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Mild Sleep Apnea: Can Oral Appliance Replace CPAP Machine?

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A reader of†Scientific American Consumer Health's Lung Disorders White Paper†asks: "I have mild sleep†apnea and Iím having trouble getting used to my CPAP machine. Are oral appliances a reasonable alternative?" Here's our advice.

CPAP remains the most effective treatment, but if itís not tolerable, an oral appliance may be a reasonable alternative for some people with mild or moderate sleep apnea. However, a study published last June in JAMA Internal Medicine, suggests oral appliances may be better for some symptoms than others.

Investigators randomly assigned 96 people with daytime sleepiness and snoring or mild to moderate sleep apnea to use a customized mandibular advancement device (an oral appliance that works by holding the lower jaw, or mandible, and the tongue forward during sleep) or a similar device that didnít move the jaw forward. Daytime sleepiness, quality of life and other variables including snoring, fatigue, insomnia and symptoms of restless legs syndrome were assessed before and after the start of the four-month study. All participants in both groups wore their devices on most nights. The custom-made adjustable oral appliance effectively reduced sleep apnea and snoring and, possibly, symptoms of restless legs syndrome but not daytime sleepiness or quality of life.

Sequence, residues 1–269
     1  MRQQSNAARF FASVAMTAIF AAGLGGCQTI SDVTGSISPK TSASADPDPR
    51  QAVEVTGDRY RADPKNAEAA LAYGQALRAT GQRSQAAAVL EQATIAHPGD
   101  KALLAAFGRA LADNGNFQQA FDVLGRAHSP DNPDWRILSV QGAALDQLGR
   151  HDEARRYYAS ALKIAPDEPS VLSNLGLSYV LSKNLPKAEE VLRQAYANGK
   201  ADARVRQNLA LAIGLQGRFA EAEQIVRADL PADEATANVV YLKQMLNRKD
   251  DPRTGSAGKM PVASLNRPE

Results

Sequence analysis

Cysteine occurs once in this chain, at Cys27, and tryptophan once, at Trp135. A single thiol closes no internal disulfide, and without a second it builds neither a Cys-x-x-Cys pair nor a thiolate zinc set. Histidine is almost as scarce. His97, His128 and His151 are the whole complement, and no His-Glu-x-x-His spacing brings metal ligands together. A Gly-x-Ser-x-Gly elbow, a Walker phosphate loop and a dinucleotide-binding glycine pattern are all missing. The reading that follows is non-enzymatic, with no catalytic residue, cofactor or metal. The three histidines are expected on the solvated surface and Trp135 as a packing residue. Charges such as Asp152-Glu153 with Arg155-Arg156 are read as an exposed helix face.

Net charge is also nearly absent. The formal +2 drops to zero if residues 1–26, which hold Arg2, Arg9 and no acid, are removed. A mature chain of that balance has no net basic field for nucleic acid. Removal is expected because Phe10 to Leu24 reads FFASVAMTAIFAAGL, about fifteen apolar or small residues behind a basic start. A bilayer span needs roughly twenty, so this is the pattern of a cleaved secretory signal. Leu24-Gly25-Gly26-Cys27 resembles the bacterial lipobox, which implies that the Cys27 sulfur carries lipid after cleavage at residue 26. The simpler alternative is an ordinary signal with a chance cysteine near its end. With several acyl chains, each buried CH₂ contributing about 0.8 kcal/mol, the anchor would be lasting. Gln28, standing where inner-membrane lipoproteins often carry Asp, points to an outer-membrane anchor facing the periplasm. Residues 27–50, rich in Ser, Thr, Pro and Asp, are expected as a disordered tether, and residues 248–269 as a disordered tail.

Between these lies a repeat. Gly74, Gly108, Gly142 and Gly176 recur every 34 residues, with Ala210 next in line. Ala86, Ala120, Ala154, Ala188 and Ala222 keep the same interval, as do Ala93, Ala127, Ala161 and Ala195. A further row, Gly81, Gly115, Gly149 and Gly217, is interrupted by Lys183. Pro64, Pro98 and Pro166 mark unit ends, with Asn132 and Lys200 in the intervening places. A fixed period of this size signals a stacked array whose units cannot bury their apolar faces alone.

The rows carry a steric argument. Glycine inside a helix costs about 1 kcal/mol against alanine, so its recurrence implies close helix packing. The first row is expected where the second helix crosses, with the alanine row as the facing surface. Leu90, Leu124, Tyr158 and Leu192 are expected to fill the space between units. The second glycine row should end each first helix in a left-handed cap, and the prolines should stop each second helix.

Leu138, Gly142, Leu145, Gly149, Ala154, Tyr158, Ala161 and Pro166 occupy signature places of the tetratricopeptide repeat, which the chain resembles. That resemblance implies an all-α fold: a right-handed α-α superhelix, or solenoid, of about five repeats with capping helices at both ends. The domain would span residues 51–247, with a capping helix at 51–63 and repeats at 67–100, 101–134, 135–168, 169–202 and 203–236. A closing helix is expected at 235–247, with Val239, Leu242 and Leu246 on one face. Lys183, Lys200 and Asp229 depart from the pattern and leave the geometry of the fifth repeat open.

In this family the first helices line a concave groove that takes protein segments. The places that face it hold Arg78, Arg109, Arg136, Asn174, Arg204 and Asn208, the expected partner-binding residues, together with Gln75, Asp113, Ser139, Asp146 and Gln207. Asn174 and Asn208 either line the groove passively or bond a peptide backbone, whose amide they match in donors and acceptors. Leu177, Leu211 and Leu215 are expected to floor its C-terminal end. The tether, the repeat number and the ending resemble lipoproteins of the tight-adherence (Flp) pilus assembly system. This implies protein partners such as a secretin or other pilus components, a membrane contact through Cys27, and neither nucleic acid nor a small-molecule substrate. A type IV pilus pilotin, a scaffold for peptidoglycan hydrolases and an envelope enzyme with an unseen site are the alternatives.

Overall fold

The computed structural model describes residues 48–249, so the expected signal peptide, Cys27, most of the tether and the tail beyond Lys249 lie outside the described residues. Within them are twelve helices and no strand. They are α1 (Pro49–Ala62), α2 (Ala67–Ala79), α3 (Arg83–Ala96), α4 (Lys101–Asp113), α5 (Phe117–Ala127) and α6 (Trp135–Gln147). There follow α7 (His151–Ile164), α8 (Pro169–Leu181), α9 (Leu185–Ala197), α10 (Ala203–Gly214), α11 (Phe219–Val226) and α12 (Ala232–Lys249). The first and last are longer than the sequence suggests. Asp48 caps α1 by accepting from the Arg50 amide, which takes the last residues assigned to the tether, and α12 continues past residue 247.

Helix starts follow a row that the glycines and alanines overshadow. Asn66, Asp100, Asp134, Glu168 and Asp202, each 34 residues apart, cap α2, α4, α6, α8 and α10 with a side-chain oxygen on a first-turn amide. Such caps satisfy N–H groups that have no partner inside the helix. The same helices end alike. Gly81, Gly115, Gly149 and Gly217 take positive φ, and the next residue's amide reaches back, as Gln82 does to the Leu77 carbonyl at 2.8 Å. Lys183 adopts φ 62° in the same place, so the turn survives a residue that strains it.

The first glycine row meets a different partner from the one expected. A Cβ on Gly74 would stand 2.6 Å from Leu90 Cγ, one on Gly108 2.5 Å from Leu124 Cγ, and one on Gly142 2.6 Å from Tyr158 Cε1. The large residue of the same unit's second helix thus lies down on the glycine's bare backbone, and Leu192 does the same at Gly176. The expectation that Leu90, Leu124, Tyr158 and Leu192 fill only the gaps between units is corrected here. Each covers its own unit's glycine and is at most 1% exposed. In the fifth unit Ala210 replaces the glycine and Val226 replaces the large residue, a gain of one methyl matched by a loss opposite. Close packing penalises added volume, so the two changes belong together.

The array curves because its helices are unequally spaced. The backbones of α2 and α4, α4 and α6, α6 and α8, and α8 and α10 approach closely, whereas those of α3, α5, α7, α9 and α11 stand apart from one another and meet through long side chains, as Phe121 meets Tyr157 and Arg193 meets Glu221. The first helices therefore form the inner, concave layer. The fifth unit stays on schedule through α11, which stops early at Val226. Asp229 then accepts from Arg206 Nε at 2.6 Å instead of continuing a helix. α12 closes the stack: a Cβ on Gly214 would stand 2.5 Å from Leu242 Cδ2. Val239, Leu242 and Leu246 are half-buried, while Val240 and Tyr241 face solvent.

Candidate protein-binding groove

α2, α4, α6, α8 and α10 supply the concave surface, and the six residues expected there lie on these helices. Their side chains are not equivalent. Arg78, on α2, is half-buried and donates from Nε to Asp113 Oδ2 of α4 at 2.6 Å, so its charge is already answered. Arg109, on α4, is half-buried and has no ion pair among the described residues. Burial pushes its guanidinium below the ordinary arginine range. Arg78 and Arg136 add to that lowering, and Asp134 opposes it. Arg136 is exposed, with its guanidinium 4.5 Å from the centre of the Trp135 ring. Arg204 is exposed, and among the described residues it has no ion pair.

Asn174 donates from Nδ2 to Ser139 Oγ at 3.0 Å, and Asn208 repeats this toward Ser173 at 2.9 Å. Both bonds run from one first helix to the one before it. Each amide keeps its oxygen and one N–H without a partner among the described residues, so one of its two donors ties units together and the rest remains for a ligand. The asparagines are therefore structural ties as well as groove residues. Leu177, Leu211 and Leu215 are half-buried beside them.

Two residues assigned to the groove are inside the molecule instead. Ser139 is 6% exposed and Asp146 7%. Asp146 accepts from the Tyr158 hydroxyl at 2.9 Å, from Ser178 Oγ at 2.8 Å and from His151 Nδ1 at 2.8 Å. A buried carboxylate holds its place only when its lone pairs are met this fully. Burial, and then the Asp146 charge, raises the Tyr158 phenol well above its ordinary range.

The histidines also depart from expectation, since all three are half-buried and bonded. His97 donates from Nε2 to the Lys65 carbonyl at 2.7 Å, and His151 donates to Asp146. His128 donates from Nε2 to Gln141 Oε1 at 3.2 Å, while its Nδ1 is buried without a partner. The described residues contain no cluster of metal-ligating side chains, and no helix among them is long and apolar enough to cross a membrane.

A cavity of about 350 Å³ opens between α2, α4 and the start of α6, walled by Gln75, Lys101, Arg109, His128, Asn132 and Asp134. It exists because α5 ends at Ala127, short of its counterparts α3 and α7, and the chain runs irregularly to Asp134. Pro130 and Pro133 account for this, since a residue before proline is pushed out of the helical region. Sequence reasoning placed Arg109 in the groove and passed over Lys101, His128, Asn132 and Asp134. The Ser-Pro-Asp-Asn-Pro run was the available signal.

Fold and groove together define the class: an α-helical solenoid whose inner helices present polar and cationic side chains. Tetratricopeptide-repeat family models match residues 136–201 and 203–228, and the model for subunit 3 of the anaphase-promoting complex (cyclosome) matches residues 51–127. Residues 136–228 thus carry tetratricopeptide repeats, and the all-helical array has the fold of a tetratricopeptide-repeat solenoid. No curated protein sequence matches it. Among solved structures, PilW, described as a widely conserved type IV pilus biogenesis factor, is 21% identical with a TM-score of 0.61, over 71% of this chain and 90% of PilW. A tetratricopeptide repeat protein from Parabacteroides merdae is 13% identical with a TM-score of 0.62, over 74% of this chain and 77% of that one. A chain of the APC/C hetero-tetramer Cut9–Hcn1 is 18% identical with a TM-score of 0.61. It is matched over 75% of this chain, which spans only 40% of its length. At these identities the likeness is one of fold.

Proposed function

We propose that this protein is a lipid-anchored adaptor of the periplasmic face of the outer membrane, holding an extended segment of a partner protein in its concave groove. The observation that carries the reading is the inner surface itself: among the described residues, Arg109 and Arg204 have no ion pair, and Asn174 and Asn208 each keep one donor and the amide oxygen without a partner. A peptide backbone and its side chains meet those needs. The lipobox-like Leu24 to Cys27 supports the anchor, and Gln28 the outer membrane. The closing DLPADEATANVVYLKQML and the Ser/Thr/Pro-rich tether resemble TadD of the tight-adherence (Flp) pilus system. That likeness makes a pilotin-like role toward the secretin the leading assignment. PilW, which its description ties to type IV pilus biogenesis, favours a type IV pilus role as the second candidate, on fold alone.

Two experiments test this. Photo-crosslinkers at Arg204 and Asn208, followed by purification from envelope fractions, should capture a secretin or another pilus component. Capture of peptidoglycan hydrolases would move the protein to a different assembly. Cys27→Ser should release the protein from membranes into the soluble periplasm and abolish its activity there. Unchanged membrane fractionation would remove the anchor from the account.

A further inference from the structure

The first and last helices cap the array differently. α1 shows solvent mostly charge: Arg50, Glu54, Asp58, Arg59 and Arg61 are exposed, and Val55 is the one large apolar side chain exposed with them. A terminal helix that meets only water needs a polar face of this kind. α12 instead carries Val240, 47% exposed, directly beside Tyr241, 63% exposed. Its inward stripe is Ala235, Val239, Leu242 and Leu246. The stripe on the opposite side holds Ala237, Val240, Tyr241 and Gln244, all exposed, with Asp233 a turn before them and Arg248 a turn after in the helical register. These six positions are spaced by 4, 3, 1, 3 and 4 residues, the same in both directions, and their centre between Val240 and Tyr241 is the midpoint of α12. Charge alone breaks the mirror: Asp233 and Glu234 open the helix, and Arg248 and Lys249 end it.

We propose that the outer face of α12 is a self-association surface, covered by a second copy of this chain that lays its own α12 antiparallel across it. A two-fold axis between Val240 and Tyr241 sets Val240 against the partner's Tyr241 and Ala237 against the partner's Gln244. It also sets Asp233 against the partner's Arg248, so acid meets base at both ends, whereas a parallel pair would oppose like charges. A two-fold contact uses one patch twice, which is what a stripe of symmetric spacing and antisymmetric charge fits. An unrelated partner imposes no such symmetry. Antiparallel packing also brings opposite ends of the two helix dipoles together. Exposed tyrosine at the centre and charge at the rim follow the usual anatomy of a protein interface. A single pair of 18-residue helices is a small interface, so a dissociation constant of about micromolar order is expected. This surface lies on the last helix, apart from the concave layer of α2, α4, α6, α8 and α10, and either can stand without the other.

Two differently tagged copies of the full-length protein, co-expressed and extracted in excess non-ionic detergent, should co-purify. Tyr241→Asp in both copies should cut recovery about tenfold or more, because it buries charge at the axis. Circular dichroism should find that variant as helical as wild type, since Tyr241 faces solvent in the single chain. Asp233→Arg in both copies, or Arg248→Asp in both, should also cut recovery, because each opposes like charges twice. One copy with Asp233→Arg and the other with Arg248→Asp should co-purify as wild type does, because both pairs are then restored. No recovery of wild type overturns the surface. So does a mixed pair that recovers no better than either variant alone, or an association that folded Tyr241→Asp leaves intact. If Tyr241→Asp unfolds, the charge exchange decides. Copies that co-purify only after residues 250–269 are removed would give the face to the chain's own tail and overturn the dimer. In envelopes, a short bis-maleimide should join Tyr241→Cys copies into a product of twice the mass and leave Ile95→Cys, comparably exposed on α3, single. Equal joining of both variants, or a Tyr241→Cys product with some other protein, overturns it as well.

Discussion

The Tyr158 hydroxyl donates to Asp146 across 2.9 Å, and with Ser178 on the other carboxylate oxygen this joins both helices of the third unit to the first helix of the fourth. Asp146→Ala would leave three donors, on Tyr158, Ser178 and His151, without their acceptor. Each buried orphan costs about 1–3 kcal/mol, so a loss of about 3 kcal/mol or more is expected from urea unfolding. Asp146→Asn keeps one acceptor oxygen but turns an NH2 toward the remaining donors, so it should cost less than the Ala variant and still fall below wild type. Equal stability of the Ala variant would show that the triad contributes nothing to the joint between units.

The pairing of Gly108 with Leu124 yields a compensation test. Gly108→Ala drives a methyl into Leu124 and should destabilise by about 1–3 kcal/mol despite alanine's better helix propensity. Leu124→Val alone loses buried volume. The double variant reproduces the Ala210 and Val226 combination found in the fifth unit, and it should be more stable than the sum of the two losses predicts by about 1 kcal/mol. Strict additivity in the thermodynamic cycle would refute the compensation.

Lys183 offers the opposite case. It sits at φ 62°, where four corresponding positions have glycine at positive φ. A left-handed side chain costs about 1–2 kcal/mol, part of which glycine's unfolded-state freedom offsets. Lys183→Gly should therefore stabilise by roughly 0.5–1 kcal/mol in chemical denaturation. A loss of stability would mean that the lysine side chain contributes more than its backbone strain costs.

Oral appliances should only be considered by people with mild to moderate sleep apnea. Also, keep in mind that these findings apply only to customized adjustable devicesónot premade or fixed devices. Youíll need to work with your doctor or dentist to find the device that best meets your needs.†

Posted in Lung Disorders on April 5, 2016

Medical Disclaimer: This information is not intended to substitute for the advice of a physician. Click here for additional information: Health After 50 Disclaimer

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